By Eli Clare
Over the process numerous own essays, genderqueer activist/writer Eli Clare weaves jointly memoir, historical past, and political pondering to discover meanings and stories of domestic, the entire whereas delivering an intersectional framework for knowing how we really event the day-by-day hydraulics of oppression, strength, and resistance.
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Additional resources for Exile and Pride: Disability, Queerness, and Liberation
Everywhere I go people stare at me, in restaurants as I eat, in grocery stores as I fish coins out of my pocket to pay the cashier, in parks as I play with my dog. I am not asking for pity. I am telling you about disability. In large part, disability oppression is about access. Simply being on Mount Adams, halfway up Air Line Trail, represents a whole lot of access. When access is measured by curb cuts, ramps, and whether they are kept clear of snow and ice in the winter; by the width of doors and height of counters; by the presence or absence of Braille, closed captions, ASL, and TDDs; my not being able to climb all the way to the very top of Mount Adams stops being about disability.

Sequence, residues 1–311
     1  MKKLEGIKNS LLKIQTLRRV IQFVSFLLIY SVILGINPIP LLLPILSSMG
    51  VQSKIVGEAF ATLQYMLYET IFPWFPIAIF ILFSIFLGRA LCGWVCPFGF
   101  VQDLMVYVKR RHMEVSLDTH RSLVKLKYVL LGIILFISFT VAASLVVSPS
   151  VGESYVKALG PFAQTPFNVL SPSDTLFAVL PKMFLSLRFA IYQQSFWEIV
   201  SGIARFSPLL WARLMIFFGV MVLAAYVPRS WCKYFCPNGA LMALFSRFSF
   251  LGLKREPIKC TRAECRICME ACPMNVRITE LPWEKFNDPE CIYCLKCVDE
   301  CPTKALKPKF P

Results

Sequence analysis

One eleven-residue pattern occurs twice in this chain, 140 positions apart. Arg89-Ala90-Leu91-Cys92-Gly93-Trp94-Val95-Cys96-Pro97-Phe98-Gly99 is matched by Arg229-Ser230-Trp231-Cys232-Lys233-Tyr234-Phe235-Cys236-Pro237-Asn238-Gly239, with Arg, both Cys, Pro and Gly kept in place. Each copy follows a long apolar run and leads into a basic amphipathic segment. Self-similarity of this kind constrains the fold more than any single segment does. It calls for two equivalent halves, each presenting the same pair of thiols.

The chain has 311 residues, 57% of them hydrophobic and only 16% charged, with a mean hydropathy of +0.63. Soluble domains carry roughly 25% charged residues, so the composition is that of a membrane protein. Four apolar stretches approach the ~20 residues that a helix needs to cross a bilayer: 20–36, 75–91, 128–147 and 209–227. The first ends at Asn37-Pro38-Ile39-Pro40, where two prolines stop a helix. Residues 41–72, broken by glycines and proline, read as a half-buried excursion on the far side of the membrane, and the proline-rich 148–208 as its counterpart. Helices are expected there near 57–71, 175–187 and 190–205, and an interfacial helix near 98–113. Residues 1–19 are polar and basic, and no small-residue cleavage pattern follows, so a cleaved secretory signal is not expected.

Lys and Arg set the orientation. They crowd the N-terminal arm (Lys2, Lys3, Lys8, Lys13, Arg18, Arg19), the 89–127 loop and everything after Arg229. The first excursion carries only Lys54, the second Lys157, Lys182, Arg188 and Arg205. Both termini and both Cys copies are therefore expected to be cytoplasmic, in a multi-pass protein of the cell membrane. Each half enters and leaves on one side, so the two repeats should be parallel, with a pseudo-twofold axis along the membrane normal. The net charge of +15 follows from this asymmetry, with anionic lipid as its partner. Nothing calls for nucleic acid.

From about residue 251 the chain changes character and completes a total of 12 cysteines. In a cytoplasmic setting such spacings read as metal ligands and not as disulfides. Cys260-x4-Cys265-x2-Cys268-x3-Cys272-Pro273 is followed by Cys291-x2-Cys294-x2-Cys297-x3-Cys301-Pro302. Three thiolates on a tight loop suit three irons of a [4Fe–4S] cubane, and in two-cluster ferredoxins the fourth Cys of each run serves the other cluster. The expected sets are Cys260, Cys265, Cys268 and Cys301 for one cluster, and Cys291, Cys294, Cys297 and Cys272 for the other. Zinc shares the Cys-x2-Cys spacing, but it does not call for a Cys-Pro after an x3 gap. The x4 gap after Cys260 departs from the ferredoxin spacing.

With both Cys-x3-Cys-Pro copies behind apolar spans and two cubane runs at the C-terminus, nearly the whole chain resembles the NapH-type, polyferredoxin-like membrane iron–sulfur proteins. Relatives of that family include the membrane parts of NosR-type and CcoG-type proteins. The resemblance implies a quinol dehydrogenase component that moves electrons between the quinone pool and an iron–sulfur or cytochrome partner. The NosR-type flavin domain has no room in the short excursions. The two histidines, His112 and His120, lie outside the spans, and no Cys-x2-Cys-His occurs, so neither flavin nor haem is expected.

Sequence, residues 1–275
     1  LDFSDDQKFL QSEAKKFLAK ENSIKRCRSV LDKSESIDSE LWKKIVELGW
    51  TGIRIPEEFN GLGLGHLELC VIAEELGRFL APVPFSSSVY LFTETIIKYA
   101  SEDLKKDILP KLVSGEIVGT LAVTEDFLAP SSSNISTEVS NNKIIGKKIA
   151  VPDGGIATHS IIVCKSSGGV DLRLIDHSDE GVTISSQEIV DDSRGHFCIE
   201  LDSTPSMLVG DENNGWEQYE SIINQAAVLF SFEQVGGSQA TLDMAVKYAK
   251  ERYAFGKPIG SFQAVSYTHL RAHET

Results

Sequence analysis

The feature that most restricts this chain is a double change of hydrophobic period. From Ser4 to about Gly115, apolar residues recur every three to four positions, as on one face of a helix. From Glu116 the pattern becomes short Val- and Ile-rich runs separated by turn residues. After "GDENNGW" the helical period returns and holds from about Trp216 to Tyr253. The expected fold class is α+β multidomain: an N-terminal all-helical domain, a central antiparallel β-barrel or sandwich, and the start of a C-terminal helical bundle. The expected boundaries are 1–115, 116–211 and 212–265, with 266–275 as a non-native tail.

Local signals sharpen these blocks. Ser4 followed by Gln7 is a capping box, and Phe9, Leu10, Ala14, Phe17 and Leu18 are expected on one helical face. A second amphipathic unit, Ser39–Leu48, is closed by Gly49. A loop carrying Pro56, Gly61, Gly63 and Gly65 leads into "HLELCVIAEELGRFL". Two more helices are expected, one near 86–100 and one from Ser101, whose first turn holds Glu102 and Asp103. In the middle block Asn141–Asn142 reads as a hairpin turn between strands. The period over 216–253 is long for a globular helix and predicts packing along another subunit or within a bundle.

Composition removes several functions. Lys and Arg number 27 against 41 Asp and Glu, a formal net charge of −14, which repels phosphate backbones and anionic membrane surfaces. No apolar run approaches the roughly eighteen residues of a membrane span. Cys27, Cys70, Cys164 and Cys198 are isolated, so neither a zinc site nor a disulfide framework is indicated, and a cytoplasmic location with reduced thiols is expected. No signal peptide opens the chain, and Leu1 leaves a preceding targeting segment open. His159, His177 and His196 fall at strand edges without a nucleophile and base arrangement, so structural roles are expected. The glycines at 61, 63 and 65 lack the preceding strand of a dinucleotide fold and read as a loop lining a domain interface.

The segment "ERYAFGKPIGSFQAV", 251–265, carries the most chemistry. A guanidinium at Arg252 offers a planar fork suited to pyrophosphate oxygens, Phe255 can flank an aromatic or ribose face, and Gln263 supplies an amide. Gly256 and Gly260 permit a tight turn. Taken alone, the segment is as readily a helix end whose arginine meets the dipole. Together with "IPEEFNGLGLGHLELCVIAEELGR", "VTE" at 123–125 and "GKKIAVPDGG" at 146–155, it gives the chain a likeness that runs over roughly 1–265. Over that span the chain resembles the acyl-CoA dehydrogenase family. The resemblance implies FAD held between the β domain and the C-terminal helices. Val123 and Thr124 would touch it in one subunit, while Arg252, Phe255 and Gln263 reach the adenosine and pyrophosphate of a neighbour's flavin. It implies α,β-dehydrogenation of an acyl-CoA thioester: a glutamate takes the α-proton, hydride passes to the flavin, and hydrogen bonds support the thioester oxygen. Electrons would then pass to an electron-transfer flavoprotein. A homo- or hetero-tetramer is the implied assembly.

I lurch along from one rock to the next, catching myself repeatedly as I start to fall, quads quickly sore from exec- ·-8 the mountain tion, tension, lack of momentum. These physical experiences, one caused by a social construction, the other by a bodily limitation, translate directly into frustration, making me want to crumple the test I can't finish, hurl the rocks I can't climb. This frustration knows no neat theoretical divide between disability and impairment. Neither does disappointment nor embarrassment.
Exile & pride the mountain I. A METAPHOR The mountain as metaphor looms large in the lives of marginalized people, people whose bones get crushed in the grind of capitalism, patriarchy, white supremacy. How many of us have struggled up the mountain, measured ourselves against it, failed up there, lived in its shadow? We've hit our heads on glass ceilings, tried to climb the class ladder, lost fights against assimilation, scrambled toward that phantom called normality. We hear from the summit that the world is grand from up there, that we live down here at the bottom because we are lazy, stupid, weak, and ugly.
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